Re: Threads - When?

"Le Chaud Lapin" <>
6 Jan 2007 11:47:42 -0500
Lourens Veen wrote:

Personally, if there was a way to do it, I'd much rather not think
about thread synchronisation while I'm coding my app. I'd much rather
say "X needs to be done" and let the compiler figure out how to
divide that task across the (potentially dozens or hundreds of)
available cores.

C++ covers a wide range of abstraction levels, from all the way down
to raw pointers and bit fields to very abstract things like
Boost.spirit, and everything in between. At lower levels threading is
definitely an issue to be reckoned with, but it would be nice if we
could eradicate it from the higher levels of abstraction and use a
more declarative style of programming there.

Generic programming can help there, and C++ is good at that. The STL
already allows parallel implementations of applicable algorithms on
containers for example.

Hi Lorurens,

You certainly have my empathy regarding ease-of-use.

Yet, if I thought that were something that the language could do to
help with threading by way of say, adding keywords or operators, I
would support it enthusiastically. But as I mentioned in another post,
I think if such keywords where "invented", there would be an extremely
strong parallel between the use of those keywords and the use of
library calls that do the same thing. Note that implicit in my view
is that the "I just need something to happen" mentality will not work
with multi-threading. Threading is just about being able to spawn and
kill new threads. Nor is it only about preventing simultaneous access
to state. It goes far beyond that.

What many in this group is doing (including myself sometimes) is mixing
"multi-threading" with synchronization.

Multi-threading means just that. You can have multiple threads. But
this does not necessarily imply synchronization. You could have 10
threads working on 10 global objects, 1 object per thread, and never
need to think about synchronization. No mutexes needed.

Or you could have one thread only in an application, that blocks into a
GUI message is placed into the Window message queue of WIN32K.SYS in
Microsoft Windows. Here, there is only one thread, but you need an
event, and the part of the system that is not yours, the part that
controls the queues, has a spin-lock backed by a mutex.

Or you can have system that mixes both threading and synchronization.

One thing that I know for myself is that threading/synchronization
*requires* conscious design. This is a system design issue. That your
poor global variable got trampled on because you did not protect it
with a mutex is not simply a practical "inconvenience". People who use
semaphores on queues and mutexes on global state are not simply trying
to serialize access. They are organizing processes, as in flows of
execution, deliberately coordinated with deliberate control. The same
thing goes on in a chemical factory - you _must_ think from a systems
mentality. You must be cognizant of the reason you have multiple
threads in the first place.

I would not call my threading experience spectacular, but I wrote my
first kernel-mode preemptive multi-tasker on an iAPX 80386 in assembler
and C in 1989, and I have been using Windows threading and
synchronization daily at since 1998, and I I can tell you from my own
experience: there is no magic to be had. I think the only way to share
my point of view is to write a lot of threading applications. I am not
saying that programmers here have not. Frankly, I have no idea what
threading experience people here have, but based on posts about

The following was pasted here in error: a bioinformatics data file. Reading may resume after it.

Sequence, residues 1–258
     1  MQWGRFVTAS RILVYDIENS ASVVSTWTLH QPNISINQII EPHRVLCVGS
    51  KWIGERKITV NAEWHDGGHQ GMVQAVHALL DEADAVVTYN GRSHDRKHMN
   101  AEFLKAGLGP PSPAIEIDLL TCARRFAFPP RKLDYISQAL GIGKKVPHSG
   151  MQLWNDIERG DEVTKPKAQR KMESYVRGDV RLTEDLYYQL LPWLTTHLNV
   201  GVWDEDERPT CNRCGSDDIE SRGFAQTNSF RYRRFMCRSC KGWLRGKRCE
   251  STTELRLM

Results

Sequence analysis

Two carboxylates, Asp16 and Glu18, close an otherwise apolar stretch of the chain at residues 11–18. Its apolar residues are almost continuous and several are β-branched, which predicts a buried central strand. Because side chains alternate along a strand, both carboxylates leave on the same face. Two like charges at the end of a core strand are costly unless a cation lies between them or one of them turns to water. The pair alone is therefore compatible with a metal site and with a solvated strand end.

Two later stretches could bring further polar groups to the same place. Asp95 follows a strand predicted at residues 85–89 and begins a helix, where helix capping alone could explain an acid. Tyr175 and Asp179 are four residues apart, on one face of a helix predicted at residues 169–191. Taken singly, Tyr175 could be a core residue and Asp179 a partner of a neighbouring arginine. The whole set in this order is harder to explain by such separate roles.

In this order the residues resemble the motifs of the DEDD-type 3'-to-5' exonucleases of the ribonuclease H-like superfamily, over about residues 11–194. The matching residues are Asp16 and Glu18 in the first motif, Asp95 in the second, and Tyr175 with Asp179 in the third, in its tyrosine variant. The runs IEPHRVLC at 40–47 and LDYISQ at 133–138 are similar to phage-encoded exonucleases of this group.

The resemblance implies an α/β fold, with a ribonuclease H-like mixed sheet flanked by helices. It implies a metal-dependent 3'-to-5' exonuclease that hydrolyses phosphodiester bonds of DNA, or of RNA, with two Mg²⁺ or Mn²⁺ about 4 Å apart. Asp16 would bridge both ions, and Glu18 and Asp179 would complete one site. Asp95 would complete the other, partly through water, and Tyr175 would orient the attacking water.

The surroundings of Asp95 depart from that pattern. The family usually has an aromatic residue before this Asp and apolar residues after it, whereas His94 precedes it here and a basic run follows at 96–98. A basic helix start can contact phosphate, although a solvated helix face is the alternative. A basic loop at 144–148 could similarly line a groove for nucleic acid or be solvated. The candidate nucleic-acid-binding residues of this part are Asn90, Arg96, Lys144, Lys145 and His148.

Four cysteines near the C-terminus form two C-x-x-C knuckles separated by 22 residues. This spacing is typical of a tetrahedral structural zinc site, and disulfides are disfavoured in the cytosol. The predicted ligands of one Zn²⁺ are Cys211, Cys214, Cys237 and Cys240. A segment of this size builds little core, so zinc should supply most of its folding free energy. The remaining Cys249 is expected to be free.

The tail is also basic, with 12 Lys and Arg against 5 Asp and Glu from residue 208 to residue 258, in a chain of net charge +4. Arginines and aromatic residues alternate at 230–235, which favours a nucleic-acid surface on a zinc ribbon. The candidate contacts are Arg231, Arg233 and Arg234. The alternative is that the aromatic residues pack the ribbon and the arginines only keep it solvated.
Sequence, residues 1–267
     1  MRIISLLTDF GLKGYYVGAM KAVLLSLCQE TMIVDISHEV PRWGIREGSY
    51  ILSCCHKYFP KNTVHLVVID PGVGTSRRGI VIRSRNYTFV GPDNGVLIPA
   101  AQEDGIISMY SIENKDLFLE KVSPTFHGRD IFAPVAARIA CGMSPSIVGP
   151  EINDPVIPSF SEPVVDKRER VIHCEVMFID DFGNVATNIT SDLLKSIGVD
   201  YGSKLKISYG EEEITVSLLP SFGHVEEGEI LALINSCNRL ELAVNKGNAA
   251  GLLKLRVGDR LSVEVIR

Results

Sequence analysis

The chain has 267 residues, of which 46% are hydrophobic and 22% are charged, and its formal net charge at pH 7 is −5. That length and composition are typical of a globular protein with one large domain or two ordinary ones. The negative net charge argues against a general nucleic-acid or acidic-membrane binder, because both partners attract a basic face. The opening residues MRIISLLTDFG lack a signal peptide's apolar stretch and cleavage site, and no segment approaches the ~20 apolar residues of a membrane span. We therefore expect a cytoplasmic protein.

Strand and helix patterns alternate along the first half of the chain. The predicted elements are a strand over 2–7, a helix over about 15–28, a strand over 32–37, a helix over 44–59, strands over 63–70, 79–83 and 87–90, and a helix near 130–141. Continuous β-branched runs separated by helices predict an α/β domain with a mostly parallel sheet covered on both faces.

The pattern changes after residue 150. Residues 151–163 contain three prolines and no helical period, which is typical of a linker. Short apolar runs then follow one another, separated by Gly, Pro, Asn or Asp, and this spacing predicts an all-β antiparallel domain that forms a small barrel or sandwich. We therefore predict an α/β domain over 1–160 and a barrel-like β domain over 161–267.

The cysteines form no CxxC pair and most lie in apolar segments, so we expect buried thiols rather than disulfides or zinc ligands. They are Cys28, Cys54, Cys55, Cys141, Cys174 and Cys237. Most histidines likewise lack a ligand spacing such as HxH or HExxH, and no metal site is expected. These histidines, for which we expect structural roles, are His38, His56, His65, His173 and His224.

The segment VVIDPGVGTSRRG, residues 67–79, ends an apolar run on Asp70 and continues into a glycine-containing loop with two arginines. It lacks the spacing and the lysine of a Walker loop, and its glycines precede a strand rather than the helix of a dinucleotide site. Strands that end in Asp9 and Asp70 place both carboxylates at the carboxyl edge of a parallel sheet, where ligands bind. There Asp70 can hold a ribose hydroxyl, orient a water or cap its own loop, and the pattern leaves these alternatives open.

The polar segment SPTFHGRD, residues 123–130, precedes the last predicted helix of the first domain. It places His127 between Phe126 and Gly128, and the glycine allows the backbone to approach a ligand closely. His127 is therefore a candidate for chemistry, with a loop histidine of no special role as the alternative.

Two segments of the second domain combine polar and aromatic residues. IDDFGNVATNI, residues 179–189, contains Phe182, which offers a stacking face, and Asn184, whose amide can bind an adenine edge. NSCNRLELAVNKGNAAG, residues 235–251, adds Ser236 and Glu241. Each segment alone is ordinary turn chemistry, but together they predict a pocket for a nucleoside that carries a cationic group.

multiple CPU's, the post about spin-locking being efficient, etc...I
get the feeling that it is not something that they do every day.

As far multiple processors and multiple cores, that is handled
automatically. The engineers at Intel, Freescale, ARM, IBM, National
Semiconductor, MIPs...when they design these chips, they spend much
time anticipating how they will be used, both by the general programmer
and by the OS writer who has to support all the things that a
multi-tasking OS is expected to support (optimal switching,
mutual-exclusion, paging, life-time management, kernel-mode exceptions,
double-preemption, the list is endless). If you look at the original
architecture of the 80386, for example, you will see that they not only
anticipated how things should be, but also accommodated the legacy
system by providing the option of segmentation and page, the registry
set, the curiously convenient word that could be used to locate a page
in the swap file on hard disk that just happened to be *EXACTLY* the
right size you would want....these engineers know what we need. They
anticipate _very_ well, so the result is that, if you write against the
API that is provided by your compiler, you will hardly ever have to
worry about these things. The know that, if it happens that there CPU
is being used in a 4-way or 8-way system, the average programmer would
really rather not care about that. If it *does* happen that you have to
start consciously thinking about cores, they are not going to let you
find out the hard way. They will simply tell you, in the reference

To give another example, am typing this post on a dual core machine.
Another machine I had a few months ago was a multiway AMD. Not once
did I give a thought about the cores. Multi-threading, the kind that
90%+ of programmers want, is old hat. The need to be conscious of the
design of system-wide synchronization is not going to be obviated by
the language.

My suggestion: Write some multi-threading code (if you have not
already) :)

If you have a multi-threading application, feel free to send me a
description (even something vague would be OK), and I will post here a
design description that shows that it can be done elegantly and
robustly in the context of the existing language using synchronization

-Le Chaud Lapin-

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